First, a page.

The leaders of these two camps finally have a chance to go at each others’ throats, and they do exactly that. Governor quickly gets the upper hand, because he’s fueled by crazy rather than grief, and crazy inevitably wins in such situations. Unless of course said grief-stricken man is backed up by the fiercest sword-wielder of them all, although Rick’s windpipe is practically crushed before Michonne skewers The Governor. (I figured he’d get a more gruesome end than he did, but being impaled by your nemesis and then shot in the head by Lilly, the woman you supposedly did all this for, is pretty bad, I guess. But I was legitimately expecting grossness on the level of what happens to the character Barry Convex at the end of David Cronenberg’s film Videodrome. Don’t watch if you don’t want spoilers, I suppose, or if you’re squeamish. Suffice to say it’s disgusting.)
Daryl does a bunch of awesome Daryl things, as expected, but I think DROPPING A GRENADE DOWN THE GUN BARREL OF A TANK to kill its operating crew and USING A ZOMBIE CORPSE AS BODY ARMOR AGAINST SIX ENEMIES are both next-level shit. I feel like I can’t say enough about how a character who started as a sop to fanboys evolved into one of the more complex small-screen action heroes of the past decade. His calm, subtle preparations of arming people during the Rick-Governor conversation standoff and getting an evacuation bus ready are just as remarkable as his fighting, as is the way he talks Carl down from trying to snipe Governor before the battle happens (albeit that might not have been the worst idea). Significantly, he is an entirely original creation of Frank Darabont, Robert Kirkman and the show’s original writing staff, and has nothing to do with the noxious comics.
The Walking Dead did three major things that ensure the back half of its fourth season will be worth watching. (The jury remains out on whether that extends to weekly recapping, but not because of show quality.) Most importantly, it scattered its survivors. A handful of Governor refugees are alive, strewn who knows where. As far as prison people go, Beth is with Daryl. Bob Stookey (D’Angelo from The Wire, in case you forgot) is with Sasha and Maggie. Tyreese might be on his own, or he may be with Lizzie (whose infected father Carol had to kill back in the episode “Infected”) and the other prison children not named Carl.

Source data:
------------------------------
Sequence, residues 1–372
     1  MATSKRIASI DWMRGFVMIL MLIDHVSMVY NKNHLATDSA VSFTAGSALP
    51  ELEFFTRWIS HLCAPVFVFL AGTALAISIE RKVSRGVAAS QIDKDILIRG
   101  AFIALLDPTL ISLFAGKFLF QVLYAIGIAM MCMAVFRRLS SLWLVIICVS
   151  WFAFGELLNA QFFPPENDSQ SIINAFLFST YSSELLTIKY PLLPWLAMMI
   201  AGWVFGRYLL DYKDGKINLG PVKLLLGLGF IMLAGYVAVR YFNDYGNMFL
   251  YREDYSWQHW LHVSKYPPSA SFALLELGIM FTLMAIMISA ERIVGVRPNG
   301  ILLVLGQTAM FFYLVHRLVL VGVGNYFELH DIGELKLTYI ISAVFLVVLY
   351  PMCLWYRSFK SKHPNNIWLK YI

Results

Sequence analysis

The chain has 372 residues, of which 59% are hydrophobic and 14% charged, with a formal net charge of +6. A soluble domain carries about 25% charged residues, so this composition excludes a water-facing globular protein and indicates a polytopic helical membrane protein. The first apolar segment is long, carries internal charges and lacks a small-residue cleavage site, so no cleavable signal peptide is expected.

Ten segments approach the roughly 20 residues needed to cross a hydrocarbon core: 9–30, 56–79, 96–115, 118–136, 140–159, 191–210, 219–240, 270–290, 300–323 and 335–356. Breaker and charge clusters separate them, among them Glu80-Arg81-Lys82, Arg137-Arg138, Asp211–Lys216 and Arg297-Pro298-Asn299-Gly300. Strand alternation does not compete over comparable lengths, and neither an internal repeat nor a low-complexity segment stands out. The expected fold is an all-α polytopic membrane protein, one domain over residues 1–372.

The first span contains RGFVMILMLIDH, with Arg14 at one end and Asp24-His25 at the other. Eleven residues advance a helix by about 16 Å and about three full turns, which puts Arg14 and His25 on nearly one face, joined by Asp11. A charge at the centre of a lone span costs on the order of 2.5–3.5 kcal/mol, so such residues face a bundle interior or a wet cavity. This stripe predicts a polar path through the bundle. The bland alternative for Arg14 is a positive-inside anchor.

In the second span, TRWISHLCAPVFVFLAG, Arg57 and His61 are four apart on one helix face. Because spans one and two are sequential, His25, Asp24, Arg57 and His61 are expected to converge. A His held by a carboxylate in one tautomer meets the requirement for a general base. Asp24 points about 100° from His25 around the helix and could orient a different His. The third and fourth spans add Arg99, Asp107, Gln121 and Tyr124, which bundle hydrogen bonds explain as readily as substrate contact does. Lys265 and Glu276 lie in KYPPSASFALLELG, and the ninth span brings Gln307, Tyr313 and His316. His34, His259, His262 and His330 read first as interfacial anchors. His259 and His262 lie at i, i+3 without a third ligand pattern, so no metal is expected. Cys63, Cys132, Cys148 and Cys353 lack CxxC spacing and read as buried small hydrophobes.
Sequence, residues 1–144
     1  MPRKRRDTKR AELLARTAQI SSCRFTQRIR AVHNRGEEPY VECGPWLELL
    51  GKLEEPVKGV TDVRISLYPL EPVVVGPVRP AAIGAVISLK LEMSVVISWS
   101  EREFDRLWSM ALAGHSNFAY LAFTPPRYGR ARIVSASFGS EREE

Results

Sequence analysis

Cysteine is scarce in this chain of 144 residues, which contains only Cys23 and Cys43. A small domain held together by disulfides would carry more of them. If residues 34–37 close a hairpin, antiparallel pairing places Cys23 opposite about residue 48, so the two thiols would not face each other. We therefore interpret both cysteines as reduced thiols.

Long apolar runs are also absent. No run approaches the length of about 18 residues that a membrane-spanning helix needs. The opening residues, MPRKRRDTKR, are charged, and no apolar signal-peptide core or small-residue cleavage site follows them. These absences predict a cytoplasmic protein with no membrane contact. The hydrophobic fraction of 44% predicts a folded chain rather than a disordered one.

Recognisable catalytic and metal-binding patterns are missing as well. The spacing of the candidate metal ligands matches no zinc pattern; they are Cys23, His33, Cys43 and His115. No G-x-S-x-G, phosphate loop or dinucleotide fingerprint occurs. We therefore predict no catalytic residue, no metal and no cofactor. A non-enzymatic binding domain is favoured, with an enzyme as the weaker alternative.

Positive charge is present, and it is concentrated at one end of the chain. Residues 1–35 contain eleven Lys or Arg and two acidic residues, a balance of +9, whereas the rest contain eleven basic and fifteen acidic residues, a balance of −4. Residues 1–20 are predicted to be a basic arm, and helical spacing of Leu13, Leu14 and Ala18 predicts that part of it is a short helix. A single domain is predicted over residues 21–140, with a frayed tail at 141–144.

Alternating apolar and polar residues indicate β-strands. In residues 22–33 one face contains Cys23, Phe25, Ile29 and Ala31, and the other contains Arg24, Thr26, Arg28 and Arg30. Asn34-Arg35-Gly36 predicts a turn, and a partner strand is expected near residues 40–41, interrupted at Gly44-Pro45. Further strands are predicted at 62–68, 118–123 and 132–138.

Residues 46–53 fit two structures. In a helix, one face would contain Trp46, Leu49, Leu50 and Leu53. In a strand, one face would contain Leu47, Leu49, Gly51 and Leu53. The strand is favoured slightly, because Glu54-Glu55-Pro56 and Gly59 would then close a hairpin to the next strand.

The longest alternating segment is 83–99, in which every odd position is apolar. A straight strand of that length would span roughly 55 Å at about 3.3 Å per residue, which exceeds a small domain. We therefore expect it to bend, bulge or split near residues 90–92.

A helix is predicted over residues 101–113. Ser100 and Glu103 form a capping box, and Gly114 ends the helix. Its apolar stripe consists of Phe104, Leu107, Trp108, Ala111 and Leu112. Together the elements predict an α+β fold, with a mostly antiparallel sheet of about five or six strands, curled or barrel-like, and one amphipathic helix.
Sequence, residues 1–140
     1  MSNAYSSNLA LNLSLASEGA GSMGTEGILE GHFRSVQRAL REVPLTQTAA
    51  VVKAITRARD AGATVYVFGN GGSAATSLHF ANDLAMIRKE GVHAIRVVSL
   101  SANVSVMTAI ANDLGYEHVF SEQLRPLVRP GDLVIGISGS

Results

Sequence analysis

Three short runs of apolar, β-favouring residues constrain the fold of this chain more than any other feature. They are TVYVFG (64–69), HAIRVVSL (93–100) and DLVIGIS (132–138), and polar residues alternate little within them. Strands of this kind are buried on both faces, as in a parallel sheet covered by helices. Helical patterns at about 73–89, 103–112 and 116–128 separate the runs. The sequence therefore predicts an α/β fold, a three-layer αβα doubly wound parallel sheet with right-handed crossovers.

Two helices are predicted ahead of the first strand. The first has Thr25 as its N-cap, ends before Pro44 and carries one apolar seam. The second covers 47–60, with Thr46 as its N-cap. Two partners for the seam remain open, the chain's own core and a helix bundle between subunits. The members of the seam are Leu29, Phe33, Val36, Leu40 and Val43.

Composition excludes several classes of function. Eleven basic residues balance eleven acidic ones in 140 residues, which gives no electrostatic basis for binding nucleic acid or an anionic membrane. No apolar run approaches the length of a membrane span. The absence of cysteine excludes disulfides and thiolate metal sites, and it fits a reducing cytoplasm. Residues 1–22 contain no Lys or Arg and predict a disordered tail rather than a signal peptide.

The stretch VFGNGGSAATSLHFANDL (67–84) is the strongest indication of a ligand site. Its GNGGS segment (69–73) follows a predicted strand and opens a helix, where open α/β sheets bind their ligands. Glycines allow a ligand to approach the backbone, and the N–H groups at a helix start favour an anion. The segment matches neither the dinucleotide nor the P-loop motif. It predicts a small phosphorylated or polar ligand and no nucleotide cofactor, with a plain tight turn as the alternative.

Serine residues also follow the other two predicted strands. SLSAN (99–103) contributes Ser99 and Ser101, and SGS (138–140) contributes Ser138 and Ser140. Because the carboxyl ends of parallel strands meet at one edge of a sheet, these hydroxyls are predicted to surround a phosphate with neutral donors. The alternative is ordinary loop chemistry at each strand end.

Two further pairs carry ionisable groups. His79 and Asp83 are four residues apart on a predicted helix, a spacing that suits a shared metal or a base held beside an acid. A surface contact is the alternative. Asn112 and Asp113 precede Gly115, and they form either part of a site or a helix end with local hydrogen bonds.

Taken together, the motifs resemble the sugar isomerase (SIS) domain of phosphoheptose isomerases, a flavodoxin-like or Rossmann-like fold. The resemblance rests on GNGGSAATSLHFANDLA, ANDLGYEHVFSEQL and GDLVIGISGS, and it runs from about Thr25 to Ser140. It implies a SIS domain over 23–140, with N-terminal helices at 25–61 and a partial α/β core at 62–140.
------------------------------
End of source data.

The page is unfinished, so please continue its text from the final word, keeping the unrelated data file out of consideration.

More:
About them kids. They have guns now, and while that fact did save Tyreese’s life and kill Tara’s annoying, posturing girlfriend, it is also very, very scary. I’m hoping that after they ran the wrong way, Tyreese gave them a stern talking-to. Something does not seem quite right upstairs with Lizzie. Understandable, given her trauma, but she shouldn’t have any weaponry. Ever.
Finally, the show brought Rick and Carl into what seems sort of, for once, like a somewhat ordinary father-son relationship, on the run from the prison together, Rick whispering, “Don’t look back,” as he tries to comfort the boy and hold back his own grief. (Y’know, rather than a relationship predicated on, “Son, I’d really rather you not grow up to be a serial killer, so stay away from guns, and I’m probably going to as well.”) Brutally, it did so potentially at the expense of Rick’s infant daughter Judith, who is unaccounted for, her baby-carrier soaked in blood. Let’s hope that’s not some cruel fake-out shit, if only because it’d be cheap.
Splitting everyone up is wise. It’ll allow Gimple to try more bottle episodes and storytelling experiments that weren’t possible when all the main characters were together, as well as tonal divergences. For example, one arc could be blackly comic, another tragic, still another action-packed, etc.
From among this batch of eight episodes, “Internment,” where Hershel took the wheel, was probably the best of them. After that, “Infected” and this midseason finale would come in second and third. None were demonstrably bad, even though “Live Bait” and “Isolation” both dragged in a few spots. All in all, I must admit I didn’t expect the landing to get stuck here, and The Walking Dead managed to stick it. Some disliked the pace of season 4’s first half, but to my pleasant surprise, I more often than not found it to be a relatively well-done mix of action, genuine character development and occasional doses of true horror.
And in a rare example of fanboy joy, I invite you to do all of the clapping at the image presented below.
Liam can be reached at email@example.com or via Twitter (@liamchgreen).